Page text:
Don’t Offend People When They Just Recognized You

Watch out for how you react to people when they are thoughtful enough to express praise and recognition to you.

Their words or action are an acknowledgment of your positive actions, effort, or contribution you’ve made.

But too often recognition recipients unintentionally offend givers of recognition.

Watch what you say or do so that you don’t discourage people from giving you recognition again.

Negating The Good

What happens for some of us when we are praised or acknowledged is we become uncomfortable with being singled out and recognized.

We might respond verbally with comments like,

“It was nothing,” or “Think nothing of it.”

“I was just doing my job.”

“No big deal.”

“It was a team effort.”

Or, nonverbally, we might look down to the ground or look away from the person expressing appreciation to us.

As Christopher Littlefield, founder of Acknowledgment Works, discovered in his research, 88 percent of people associate recognition with the feeling of being valued – that’s the good thing. But at the same time, 70 percent of people also feel embarrassed or uncomfortable with being recognized.

This discomfort can influence us to respond in negative ways though most likely this is subconsciously driven.

How Do You Respond to a Gift?

Rosabeth Moss Kanter, from the Harvard Business School, once said, “Compensation is a right. Recognition is a gift.”

Consider when someone praises you or gives you recognition that it is a direct result of how they felt following your positive action and behaviors. Something you did affected them, and positively impacted them in some way. This emotional reaction caused them to express their acknowledgment to you.

This act of recognition is their gift to you. So, consider it as a gift.

When you receive a gift what do you typically say to the person who gave it to you?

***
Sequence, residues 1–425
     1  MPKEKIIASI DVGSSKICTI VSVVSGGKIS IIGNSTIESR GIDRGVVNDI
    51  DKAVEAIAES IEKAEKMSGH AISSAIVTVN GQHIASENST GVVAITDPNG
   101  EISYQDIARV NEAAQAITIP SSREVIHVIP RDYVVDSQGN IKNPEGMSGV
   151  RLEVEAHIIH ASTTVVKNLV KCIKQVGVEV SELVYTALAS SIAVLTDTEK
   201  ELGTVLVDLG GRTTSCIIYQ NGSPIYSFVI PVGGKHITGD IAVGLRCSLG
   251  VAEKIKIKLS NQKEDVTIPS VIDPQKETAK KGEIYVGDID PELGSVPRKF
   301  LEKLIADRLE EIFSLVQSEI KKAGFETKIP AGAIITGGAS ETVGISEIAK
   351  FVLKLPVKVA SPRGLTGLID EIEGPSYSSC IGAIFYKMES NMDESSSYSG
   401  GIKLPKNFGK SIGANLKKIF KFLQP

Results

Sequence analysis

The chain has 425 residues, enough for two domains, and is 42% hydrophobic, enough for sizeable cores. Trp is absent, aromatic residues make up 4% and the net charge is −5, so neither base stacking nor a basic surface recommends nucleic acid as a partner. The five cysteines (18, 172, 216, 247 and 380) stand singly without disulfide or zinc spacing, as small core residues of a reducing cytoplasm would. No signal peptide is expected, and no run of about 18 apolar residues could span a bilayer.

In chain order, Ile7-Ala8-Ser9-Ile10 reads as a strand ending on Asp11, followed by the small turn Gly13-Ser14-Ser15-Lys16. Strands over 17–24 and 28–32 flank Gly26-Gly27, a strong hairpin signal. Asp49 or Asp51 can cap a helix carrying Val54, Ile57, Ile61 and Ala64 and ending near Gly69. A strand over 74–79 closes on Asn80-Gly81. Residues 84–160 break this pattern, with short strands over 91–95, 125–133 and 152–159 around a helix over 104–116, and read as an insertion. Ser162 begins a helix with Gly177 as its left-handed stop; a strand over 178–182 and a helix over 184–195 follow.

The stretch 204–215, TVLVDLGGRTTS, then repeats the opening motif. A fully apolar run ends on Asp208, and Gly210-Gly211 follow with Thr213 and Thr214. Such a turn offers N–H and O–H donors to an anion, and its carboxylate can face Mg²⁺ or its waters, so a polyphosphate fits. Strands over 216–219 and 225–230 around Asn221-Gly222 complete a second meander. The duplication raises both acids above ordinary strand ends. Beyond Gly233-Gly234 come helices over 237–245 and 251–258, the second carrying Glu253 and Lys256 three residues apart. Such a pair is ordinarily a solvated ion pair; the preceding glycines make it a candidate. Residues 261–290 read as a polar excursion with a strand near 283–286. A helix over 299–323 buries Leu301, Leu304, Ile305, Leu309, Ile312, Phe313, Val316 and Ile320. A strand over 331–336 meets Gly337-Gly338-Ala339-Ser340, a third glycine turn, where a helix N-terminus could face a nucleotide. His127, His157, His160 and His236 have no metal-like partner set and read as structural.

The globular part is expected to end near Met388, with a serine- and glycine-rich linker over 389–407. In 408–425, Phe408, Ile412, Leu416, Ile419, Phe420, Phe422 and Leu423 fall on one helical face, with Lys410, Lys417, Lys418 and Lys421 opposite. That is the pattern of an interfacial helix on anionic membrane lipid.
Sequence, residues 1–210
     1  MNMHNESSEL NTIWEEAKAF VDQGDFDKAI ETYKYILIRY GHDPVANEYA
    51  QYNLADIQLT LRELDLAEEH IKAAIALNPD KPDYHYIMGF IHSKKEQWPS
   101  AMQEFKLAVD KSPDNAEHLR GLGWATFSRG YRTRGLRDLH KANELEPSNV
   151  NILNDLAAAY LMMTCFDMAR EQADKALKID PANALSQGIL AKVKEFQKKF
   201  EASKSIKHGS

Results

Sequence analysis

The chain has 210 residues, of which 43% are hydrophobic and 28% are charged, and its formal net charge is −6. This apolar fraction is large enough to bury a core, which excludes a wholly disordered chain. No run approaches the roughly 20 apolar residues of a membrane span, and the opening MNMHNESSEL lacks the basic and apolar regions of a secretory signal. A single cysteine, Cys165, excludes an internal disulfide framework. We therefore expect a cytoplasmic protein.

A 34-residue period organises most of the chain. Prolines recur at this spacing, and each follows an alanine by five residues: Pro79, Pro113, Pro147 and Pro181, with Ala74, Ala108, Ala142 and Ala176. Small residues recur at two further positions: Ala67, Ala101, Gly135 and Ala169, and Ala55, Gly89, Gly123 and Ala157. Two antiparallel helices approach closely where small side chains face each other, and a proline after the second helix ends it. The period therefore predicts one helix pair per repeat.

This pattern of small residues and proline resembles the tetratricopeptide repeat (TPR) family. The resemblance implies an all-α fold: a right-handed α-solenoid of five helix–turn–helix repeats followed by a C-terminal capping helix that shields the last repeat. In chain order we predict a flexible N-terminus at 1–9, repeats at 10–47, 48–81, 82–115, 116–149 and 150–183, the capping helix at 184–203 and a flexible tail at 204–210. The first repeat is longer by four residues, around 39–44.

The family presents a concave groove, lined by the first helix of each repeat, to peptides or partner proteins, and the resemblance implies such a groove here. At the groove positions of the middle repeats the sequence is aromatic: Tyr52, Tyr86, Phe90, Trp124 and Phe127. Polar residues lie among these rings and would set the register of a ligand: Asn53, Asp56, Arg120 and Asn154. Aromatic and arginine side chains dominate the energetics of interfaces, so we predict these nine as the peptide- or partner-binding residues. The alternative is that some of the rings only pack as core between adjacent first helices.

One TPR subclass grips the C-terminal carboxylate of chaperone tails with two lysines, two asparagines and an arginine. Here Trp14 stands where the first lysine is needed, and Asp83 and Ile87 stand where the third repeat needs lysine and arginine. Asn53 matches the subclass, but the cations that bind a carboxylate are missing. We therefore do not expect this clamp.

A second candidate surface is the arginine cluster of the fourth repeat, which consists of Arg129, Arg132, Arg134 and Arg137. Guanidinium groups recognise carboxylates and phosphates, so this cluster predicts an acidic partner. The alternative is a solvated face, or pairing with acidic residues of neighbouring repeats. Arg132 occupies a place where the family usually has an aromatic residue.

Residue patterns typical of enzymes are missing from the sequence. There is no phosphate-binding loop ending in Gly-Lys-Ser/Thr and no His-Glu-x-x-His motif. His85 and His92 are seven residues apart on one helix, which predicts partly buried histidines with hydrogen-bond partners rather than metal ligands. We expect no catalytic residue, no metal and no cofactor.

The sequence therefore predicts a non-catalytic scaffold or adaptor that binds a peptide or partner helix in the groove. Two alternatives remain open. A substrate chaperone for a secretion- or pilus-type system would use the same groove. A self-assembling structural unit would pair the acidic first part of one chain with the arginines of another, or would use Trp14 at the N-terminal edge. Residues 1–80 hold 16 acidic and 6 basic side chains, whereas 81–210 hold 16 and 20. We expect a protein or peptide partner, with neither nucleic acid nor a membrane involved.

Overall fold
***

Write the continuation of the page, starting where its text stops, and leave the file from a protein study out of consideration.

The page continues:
“Thank you!” Right?

So, whenever someone recognizes you learn to simply say, “Thank you!”…and then zip the lips!!

No criticism. No negative comebacks. No discounting of whatever it was you did.

Just say, thank you!

And as you get more comfortable at receiving recognition you can begin getting more creative with your recognition responses by adding some relevant details.

  1. Add the person’s name. Yes, you can personalize your recognition response by adding their name after your thank you, i.e. “Thank you, John.”
  2. Add an experiential statement. Where applicable you could state how it felt to accomplish or achieve the task you’re being acknowledged for.
  3. Add acknowledgment of others. Accept the thanks for your contribution and fairly inform the recognition giver if there were others involved in case they didn’t know.
  4. Add some positive nonverbal actions. For example, you can smile. And where culturally appropriate you can look the person in the eyes.

You don’t have to add things all the time. But learn to become comfortable with saying thanks and adding to it whenever you can.

Reflective Question: Do you think you might be unintentionally negating the recognition people give to you?


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